When John Ratliff graduated from Unionville High School in 1988, he had high aspirations of making it big in the business world. Four years later, he earned a degree in marketing and finance from the University of Delaware and a year later, started his own business.Little did he know how hard it would
John Ratliff be to start a business.
At age 22, he started a cellular store in Media, and added a second in Paoli. And in 1995, he started Appletree Answering Service with the money he made from the sale of his two cellular stores.
With no employees, he rented a small two-bedroom unit in a commercially zoned area and had just three phone lines. His first customer wasn't even a paying one - he bartered with a local limo company.
'It was awful," Ratliff said. "I was working 100 hours a week. I was sleep deprived. I remember one time I worked the entire weekend and got just two hours of sleep. I was killing myself."
After that weekend, Ratliff was ready to throw up his hands and walk out, but his competitive nature got the best of him and he decided to stick it out. "I wanted to see this thing to the end, either I was going to make it or I was going to fail, but I wasn't going to quit," he said.
After two years, the business took off. Ratliff got rid of his aging equipment and invested in new technology. By 2002, Apple tree was grossing $1 million in revenue. And in 2003, he opened an office in Florida that added another $500,000 to the bottom line. He made it to the big time.
Or so he thought.
With more than 300 employees and more than 200 call center agents, Ratlifff was losing a lot of money due to a 90 percent turnover rate. Employees would get trained, and leave shortly after. It was costing him in excess of $1 million a year.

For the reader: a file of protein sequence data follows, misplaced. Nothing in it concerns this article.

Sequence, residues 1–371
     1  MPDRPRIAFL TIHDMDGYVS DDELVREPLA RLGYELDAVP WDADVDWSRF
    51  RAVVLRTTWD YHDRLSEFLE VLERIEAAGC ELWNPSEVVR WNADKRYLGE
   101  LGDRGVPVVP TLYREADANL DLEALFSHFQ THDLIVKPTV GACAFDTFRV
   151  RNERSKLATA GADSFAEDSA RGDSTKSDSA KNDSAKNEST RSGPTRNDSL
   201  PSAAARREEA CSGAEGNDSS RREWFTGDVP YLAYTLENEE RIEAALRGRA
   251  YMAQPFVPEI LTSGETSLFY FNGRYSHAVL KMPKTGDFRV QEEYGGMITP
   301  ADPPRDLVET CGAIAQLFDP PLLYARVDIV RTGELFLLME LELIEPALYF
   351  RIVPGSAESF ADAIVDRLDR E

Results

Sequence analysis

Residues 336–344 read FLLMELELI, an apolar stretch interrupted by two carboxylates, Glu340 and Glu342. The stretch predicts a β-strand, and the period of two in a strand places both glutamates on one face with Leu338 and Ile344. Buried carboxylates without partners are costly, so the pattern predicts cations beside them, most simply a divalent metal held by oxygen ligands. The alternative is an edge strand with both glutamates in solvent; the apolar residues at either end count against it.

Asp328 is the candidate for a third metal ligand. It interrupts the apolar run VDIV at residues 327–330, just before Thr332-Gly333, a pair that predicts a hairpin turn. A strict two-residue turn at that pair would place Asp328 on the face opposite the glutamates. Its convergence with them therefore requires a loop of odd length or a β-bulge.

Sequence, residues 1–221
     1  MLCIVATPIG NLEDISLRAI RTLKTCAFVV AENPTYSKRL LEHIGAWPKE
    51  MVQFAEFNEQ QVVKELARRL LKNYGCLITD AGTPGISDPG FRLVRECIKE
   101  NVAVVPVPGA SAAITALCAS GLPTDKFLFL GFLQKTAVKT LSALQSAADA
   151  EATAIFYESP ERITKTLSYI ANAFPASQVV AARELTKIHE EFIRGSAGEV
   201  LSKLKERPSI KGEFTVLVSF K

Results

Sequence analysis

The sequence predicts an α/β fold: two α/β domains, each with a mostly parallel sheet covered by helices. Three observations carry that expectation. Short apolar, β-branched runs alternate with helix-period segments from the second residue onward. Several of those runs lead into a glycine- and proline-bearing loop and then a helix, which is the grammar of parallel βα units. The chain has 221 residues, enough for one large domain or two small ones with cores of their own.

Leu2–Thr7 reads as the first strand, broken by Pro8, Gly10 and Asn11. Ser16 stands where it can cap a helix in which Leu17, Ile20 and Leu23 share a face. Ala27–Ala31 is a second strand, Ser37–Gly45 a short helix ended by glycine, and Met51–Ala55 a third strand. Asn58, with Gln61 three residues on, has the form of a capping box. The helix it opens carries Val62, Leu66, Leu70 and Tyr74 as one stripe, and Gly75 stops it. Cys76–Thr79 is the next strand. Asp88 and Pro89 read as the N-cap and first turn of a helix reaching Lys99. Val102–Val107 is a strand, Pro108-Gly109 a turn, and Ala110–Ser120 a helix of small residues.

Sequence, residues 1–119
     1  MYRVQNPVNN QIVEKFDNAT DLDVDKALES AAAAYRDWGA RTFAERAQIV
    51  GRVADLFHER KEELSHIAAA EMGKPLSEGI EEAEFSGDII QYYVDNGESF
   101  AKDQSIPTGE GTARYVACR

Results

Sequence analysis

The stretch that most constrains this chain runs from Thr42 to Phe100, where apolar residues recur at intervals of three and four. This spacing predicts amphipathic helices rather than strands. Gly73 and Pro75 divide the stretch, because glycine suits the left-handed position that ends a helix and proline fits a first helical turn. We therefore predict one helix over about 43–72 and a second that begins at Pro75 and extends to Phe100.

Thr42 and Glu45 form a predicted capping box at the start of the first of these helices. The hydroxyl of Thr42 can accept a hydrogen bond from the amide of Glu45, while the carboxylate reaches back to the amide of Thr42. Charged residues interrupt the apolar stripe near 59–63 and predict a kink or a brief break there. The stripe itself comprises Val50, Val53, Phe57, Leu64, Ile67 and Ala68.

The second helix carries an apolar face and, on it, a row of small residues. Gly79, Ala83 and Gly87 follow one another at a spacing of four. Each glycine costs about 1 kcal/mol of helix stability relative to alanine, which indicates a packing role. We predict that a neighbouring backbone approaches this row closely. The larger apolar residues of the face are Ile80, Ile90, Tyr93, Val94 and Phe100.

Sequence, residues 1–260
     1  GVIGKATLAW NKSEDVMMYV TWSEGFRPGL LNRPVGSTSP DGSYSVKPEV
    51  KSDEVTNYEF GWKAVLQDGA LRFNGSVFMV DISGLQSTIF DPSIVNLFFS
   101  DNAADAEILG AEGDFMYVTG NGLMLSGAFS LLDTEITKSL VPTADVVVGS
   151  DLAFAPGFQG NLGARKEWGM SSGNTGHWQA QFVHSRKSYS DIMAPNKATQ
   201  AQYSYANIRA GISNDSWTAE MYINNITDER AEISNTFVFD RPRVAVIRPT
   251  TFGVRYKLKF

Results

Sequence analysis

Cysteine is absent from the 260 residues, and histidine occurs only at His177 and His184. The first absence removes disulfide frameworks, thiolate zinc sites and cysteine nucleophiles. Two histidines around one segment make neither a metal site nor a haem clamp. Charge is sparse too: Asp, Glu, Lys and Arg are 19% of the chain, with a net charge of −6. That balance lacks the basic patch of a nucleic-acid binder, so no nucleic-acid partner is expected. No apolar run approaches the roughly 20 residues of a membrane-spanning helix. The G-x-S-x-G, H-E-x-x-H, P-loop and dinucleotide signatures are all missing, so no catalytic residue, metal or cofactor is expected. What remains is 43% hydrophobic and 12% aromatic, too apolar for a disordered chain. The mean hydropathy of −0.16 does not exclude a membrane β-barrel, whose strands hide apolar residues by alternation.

"I knew I had to do something," Ratliff said. "I had to find a way to drive up employee retention."
So last year, he started a concept called "Dream On," and the company experienced the lowest employee turnover rate in its history. Dream On is a program that grants wishes for Appletree employees, no matter how extreme. Employees submit wishes but not all are granted. It gives them a chance to "dream."
One employee in the Puerto Rico office submitted a wish to visit her mom in Orlando over Christmas. The employee couldn't afford the cost of the trip and her mother was in failing health. Her wish was granted, all expenses paid.
And two recently married employees were granted an all-expenses paid honeymoon to the Caribbean for three nights and four days.
"Employees were skeptical at first," Ratliff said. "I could take my family on a killer vacation, or I could help my employees. I chose to help my employees.
Ratliff said his success in the business world has been perseverance and to treat employees something well. "You need to over focus on the people who do well for you and your business," he said. We took our turnover rate from 90 percent to 25 percent, and volunteer turnover is just 5 percent. Employees here know they have a company that cares about them."
That concept has put his company in a very nice financial place. Appletree Answering Service was recognized by Inc. Magazing as one of the country's fastest growing privately held businesses. And the company was inducted into the Philadelphia 100 Hall of Fame by earning the award as one of the fastestgrowing businesses for five straight years.
Today, at age 36, Ratliff admits he rarely works more than 25 hours per week and spends a lot time with his family. He and his wife have three children, Reece, 6, McKenzie, 4, and Branden, 6 months.
And his giving doesn't end with his company. He donates 2 percent of his gross profits per year to charities his employees support.
"It's just a great way to build culture in your business," he said.